SYDNEY (AP) — Five people escaped from a Sydney cafe where a gunman took an unknown number of hostages during Monday morning rush hour. Two people inside the cafe earlier held up a flag with an Islamic declaration of faith that has often been used by extremists, raising fears that a terrorist incident was playing out in the heart of Australia’s biggest city.
The first three people ran out of the Lindt Chocolat Cafe in downtown Sydney six hours into the hostage crisis, and two women sprinted from a fire exit into the arms of waiting police shortly afterward. Both women were wearing aprons with the Lindt chocolate logo, indicating they were cafe employees.
As the siege entered its 12th hour Monday night, basic questions remained unanswered. Police refused to say how many hostages were inside the cafe, what they believed the gunman’s motives might be, whether he had made any demands or whether the hostages who fled the cafe escaped or were released.
“I would like to give you as much as I can but right now that is as much as I can,” New South Wales state police Commissioner Andrew Scipione said. “First and foremost, we have to make sure we do nothing that could in any way jeopardize those still in the building.”
Police were negotiating with the gunman and said they had no information to suggest anyone had been hurt. Scipione said they had not confirmed whether the siege was related to terrorism.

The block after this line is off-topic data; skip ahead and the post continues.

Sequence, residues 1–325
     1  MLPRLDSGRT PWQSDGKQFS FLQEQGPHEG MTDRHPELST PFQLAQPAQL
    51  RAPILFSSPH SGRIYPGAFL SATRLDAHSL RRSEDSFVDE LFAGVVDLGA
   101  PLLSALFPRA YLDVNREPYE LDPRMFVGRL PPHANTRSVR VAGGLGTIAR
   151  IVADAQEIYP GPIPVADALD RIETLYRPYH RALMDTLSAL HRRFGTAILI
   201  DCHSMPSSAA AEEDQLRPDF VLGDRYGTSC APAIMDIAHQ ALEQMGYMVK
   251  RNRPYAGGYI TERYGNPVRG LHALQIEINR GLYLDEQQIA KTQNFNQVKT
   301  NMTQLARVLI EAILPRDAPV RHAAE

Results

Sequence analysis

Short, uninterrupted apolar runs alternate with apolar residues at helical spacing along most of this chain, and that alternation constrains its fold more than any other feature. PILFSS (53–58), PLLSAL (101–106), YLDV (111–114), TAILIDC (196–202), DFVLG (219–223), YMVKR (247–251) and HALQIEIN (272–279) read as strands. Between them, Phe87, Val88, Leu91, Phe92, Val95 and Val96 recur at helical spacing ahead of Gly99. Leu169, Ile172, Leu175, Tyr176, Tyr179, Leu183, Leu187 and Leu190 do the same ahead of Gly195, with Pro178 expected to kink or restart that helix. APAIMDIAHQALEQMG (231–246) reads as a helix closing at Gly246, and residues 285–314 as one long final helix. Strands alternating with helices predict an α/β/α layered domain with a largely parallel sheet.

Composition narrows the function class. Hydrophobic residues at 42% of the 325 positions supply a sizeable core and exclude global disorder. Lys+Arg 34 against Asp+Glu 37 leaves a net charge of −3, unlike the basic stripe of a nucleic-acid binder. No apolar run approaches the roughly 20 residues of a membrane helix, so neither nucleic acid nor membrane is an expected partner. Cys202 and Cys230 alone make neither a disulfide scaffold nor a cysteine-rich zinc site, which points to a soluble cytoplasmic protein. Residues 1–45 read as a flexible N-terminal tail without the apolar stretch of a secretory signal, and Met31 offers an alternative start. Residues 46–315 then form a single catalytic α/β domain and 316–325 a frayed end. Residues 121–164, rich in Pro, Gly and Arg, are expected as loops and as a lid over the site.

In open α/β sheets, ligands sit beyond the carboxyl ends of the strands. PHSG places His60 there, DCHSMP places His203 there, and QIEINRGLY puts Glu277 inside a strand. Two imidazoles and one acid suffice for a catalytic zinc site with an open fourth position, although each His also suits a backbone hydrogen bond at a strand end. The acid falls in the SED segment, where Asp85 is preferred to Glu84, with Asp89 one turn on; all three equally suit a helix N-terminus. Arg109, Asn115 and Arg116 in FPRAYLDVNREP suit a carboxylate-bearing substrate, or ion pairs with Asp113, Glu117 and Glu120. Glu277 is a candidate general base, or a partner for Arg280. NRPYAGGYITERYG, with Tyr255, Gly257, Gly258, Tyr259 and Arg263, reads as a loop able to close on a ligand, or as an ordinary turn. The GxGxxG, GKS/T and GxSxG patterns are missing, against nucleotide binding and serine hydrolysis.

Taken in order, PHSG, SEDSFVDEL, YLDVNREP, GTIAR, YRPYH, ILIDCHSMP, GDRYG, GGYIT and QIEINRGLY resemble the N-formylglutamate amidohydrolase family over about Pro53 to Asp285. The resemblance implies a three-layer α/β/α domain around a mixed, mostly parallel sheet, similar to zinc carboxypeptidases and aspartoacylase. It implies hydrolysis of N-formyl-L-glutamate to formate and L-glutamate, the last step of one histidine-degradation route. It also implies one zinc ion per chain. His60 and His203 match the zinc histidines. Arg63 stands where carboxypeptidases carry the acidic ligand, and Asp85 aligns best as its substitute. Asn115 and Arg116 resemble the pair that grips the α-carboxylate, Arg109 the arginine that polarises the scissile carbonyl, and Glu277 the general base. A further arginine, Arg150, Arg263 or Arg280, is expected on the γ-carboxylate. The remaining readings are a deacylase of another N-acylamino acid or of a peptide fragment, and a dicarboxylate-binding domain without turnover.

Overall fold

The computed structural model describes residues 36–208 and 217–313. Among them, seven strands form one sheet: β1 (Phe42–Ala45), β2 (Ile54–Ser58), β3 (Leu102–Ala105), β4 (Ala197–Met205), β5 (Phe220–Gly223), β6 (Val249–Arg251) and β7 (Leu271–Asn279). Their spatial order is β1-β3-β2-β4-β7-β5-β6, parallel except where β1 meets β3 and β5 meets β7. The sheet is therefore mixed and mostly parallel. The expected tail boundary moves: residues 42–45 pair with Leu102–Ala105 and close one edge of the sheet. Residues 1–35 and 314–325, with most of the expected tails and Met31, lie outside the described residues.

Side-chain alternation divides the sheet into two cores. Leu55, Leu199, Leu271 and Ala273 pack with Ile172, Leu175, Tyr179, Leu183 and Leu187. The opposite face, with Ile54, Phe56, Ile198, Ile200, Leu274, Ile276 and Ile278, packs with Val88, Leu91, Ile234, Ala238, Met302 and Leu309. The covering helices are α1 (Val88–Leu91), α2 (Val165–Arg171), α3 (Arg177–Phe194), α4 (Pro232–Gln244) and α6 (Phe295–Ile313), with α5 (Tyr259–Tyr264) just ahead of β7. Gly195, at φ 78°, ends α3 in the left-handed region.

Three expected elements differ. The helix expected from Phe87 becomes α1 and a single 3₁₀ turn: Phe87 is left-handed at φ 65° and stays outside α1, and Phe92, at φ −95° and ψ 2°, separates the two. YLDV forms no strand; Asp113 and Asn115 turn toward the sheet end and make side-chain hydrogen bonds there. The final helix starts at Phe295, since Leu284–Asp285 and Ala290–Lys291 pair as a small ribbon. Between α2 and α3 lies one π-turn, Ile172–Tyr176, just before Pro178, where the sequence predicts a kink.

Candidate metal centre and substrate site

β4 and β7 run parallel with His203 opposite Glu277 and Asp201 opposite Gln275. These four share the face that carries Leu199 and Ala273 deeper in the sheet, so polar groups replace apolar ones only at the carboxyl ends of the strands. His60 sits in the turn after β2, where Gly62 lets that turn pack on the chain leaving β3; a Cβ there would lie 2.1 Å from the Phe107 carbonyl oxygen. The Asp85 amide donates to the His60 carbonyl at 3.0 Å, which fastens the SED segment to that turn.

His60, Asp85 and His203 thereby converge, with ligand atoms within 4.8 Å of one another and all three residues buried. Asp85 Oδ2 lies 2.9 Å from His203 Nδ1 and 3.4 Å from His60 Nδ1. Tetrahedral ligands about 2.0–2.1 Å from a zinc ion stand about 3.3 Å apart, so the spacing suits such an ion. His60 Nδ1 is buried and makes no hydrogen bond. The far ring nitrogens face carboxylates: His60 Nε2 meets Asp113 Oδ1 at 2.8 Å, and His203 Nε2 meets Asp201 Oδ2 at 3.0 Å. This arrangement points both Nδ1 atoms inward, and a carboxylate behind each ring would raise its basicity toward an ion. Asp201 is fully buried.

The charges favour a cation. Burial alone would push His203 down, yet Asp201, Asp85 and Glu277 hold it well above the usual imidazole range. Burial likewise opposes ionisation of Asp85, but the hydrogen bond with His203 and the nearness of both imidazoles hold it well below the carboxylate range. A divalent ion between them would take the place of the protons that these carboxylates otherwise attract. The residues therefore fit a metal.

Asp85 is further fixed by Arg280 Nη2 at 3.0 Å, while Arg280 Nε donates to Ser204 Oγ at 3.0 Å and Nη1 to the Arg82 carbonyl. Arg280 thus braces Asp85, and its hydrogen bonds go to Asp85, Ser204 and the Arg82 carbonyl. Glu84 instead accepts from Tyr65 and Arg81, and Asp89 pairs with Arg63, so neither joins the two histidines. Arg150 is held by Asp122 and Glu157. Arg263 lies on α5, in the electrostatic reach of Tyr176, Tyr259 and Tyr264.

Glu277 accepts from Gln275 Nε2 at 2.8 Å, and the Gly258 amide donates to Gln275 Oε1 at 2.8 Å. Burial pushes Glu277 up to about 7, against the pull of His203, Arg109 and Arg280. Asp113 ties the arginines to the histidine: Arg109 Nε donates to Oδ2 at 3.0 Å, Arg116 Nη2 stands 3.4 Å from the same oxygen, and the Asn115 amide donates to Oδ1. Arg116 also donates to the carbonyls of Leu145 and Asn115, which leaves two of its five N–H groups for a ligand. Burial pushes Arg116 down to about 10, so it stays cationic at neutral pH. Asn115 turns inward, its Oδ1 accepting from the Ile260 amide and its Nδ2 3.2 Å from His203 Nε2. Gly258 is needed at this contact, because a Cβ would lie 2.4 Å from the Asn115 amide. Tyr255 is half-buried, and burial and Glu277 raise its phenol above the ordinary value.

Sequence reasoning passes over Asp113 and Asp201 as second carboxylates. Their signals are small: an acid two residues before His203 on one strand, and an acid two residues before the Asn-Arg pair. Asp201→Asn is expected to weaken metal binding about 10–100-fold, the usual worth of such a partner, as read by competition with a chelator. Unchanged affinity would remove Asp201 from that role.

“Our only goal tonight and for as long as this takes is to get those people that are currently caught in that building out of there safely,” he said.
Channel 10 news said it received a video in which a hostage inside the cafe had relayed the gunman’s demands. The station said police requested they not broadcast it, and Scipione separately asked all media that might be contacted by the gunman to urge him instead to talk to police.
The drama began around 9:45 am in Martin Place, a plaza in the heart of the city’s financial and shopping district that is packed with holiday shoppers this time of year. Many of those inside the cafe would have been taken hostage as they stopped in for their morning coffees.
Television video shot through the cafe’s windows showed several people with their arms in the air and hands pressed against the glass, and two people holding up a black flag with the Shahada, or Islamic declaration of faith, written on it.
The Shahada translates as “There is no god but God and Muhammad is his messenger.” It is considered the first of Islam’s five pillars of faith, and is similar to the Lord’s Prayer in Christianity. It is pervasive throughout Islamic culture, including the green flag of Saudi Arabia. Jihadis have used the Shahada in their own black flag.